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I believe the quotes you list are not merely anthropomorphism (aka personification/prosopopoeia). There's something else there, additional kinds of figure of speech: I think that in the language of rhetoric, these are transpositional rhetorical operations. Synecdoche is using a part of a thing to refer to the whole; such as referring to a singer by speaking ...


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the answer is simply anthropomorphism as Channel, and in a comment Sundar, have explained perfectly. Your misconception that anthropomorphism does not mean, what it means - is very simply a misconception. You have exactly the correct word, for the absolutely precise detailed sense you discuss. "It's that simple."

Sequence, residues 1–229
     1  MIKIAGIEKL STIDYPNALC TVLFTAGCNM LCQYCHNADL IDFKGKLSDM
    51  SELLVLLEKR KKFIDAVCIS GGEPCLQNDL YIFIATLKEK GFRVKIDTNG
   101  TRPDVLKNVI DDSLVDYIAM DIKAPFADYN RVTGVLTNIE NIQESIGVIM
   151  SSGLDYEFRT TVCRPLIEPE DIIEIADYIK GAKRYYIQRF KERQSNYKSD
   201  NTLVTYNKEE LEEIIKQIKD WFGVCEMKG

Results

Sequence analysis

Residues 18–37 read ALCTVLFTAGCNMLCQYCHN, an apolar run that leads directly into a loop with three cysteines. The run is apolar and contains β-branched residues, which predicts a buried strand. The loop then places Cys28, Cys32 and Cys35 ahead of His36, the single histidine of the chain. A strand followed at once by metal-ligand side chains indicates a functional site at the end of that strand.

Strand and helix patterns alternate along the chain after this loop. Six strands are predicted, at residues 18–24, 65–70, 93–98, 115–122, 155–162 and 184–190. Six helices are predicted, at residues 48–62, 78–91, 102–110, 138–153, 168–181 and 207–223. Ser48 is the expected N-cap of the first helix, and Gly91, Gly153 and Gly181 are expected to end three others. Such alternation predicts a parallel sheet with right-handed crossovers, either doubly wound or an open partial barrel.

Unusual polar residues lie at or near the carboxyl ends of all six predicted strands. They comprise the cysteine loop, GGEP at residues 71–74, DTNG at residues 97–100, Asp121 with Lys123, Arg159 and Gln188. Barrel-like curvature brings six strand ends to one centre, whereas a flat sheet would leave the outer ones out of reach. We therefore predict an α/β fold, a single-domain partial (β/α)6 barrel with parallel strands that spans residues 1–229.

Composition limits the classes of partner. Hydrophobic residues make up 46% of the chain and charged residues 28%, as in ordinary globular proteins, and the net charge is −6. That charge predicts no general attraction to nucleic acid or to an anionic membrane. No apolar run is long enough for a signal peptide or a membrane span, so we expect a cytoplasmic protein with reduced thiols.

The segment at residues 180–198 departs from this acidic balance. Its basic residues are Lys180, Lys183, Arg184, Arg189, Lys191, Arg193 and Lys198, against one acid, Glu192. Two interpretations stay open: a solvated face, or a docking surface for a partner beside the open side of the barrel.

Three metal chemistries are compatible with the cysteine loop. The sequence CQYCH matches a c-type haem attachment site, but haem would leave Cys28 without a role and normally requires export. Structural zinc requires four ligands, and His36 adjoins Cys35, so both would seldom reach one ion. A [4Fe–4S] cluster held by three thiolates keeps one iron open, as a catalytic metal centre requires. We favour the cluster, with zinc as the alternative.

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It often happens that there is a Germanic word (to seem, German scheinen) and the Latin/French word (to appear. Latin appare:re, French apparaître). Both words mean the same, "to seem" is the common word, "to appear" a variant, a bit more elevated in style.


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Impression is based off the verb impress and is used as a noun form. To impress is to have a strong and favorable affect on someone; To have a strong a strong affect on someone could be done by charm or amusement. To host a party is to entertain as well. Several synonyms can substitute the meaning of to entertain depending on your use for the term. To ...